What was our city like a decade ago?
Who would have thought that the quaint little-known (and still very sandy) city in which Time Out Dubai first landed in 2001 would have transformed into a bustling, record-breaking metropolis? Anyone living in and comparing Dubai in 2001 with Dubai in 2011 would first notice the incredible difference in infrastructure. Back then there were far fewer hotels, roads (Defence Roundabout was just that – a roundabout – rather than the labyrinth of roads it is today, and driving around Barsha required off-roading) and developments (Magrudy’s in Jumeirah was one of the only bookstores in town, and the now-defunct Hard Rock Café in Dubai Media City was considered ‘miles away’ from anywhere).
2001 saw many new beginnings in Dubai, including the opening of Wafi City, the luxurious Egyptian-themed mall. Foreign companies, including media-related ones, were given a haven as Tecom opened near Dubai Media City. We also saw the arrival of the Dusit Thani hotel, as well as the Taj Palace Hotel (the Dubai Metropolitan Hotel and the Dubai Marine Beach Resort & Spa were both old timers even then, having opened in 1979 and 1989 respectively). Celeb chef Gordon Ramsay was ahead of the curve, launching his first international restaurant, Verre, at the Hilton Dubai Creek. 2001 was also when 31 Rolls Royce cars were given away as part of the Dubai Shopping Festival raffle, creating a culture of extravagant promotions in the region.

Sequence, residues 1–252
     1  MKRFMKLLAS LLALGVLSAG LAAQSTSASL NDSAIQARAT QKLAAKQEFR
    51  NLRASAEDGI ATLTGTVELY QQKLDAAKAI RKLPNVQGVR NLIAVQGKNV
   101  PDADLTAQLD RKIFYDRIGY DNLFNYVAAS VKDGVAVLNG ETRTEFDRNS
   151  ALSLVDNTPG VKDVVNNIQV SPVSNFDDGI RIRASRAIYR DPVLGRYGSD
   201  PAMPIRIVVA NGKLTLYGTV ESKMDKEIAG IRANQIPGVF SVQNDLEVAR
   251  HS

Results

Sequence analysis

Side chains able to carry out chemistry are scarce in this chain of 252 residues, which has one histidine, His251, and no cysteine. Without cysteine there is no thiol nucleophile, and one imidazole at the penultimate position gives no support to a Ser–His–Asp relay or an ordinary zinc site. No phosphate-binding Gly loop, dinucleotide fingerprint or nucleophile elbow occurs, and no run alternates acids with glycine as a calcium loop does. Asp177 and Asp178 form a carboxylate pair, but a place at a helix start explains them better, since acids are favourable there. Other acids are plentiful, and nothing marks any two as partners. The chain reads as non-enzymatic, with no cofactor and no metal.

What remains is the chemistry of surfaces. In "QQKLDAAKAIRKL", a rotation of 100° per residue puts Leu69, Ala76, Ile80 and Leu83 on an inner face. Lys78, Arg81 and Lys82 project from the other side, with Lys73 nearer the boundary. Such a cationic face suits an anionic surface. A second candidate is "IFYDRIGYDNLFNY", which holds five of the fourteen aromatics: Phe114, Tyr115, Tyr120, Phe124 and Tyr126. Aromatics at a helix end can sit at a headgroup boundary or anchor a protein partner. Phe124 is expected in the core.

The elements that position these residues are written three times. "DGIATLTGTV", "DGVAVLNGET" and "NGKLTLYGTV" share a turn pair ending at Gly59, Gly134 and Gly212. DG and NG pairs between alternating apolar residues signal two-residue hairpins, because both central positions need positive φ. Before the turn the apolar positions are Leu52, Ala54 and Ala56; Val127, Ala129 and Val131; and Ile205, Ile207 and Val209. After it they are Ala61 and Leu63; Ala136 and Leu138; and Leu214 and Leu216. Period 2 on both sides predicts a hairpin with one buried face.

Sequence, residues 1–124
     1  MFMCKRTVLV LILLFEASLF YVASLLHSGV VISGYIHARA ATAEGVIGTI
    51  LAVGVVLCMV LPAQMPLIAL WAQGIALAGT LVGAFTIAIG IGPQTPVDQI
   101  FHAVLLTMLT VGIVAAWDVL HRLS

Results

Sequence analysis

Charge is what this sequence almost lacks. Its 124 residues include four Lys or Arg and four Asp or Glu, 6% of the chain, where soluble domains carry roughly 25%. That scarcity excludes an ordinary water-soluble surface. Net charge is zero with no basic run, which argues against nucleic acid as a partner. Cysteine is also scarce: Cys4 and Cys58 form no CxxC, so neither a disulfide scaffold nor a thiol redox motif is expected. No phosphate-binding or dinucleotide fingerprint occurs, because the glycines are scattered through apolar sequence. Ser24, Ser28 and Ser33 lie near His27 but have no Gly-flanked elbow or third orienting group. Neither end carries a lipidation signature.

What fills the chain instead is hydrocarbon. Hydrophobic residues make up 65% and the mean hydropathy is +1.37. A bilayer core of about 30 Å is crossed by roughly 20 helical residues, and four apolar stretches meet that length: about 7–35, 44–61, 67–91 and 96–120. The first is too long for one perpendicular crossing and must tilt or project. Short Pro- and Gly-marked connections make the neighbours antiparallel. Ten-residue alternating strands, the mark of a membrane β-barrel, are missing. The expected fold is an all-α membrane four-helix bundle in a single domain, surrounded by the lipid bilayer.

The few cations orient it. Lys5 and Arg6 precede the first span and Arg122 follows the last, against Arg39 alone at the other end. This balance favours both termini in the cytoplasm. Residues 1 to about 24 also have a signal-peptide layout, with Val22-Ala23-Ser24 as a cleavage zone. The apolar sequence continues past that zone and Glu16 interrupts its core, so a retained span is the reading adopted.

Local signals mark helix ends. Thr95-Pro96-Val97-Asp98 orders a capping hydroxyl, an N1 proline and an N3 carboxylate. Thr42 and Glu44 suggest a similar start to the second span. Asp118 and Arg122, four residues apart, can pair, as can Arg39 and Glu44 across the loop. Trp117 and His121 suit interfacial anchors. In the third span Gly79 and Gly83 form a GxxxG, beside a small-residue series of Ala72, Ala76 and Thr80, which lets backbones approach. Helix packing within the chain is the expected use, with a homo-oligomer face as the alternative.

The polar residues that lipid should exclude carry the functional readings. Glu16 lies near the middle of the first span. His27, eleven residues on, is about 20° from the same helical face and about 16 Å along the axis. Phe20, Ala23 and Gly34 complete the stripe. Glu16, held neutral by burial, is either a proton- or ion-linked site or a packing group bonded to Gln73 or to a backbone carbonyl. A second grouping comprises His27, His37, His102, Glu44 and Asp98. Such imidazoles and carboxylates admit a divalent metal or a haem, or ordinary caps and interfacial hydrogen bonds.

The approximate population in Dubai in 2001, having grown by nearly 7.4 per cent from the year before as more foreign workers streamed in and the government encouraged UAE nationals to have more children. The population in 2011 is predicted to reach, if not surpass, two million.
The average price of a year’s rent on a two-bedroom apartment in Karama in 2001. Today it starts at Dhs40,000 (in 2007 it was Dhs100,000).
The average number of working mobile telephone lines in the UAE in 2001. Today it is predicted to reach more than 10 million.
The approximate price of petrol per litre in 2001. Today, it costs about Dhs1.70 per litre.
The history of Time Out
Time Out London is born. The founder is then-student Tony Elliott, who finances the first issue with £70 (Dhs397) borrowed from his aunt. The first issue is a fold-out sheet of cultural event listings. It quickly sells out.
Time Out New York launches as a weekly edition.
Time Out Istanbul and Time Out Dubai both launch as monthlies.
The magazine today
Across the world today there are a total of 33 Time Out magazines and websites, 18 visitor guides and four cities that have a website only (the latest launch being timeoutboston.com this year). As many as 100,000 people attend Time Out Live events across the globe. Several Time Out cities have their own apps. Time Out Style, a new magazine for the brand, is launched here in Dubai in 2011. Time Out Magazine wins the Professional Publishers Association Award for Best International Consumer Magazine in 2010 and again in 2011.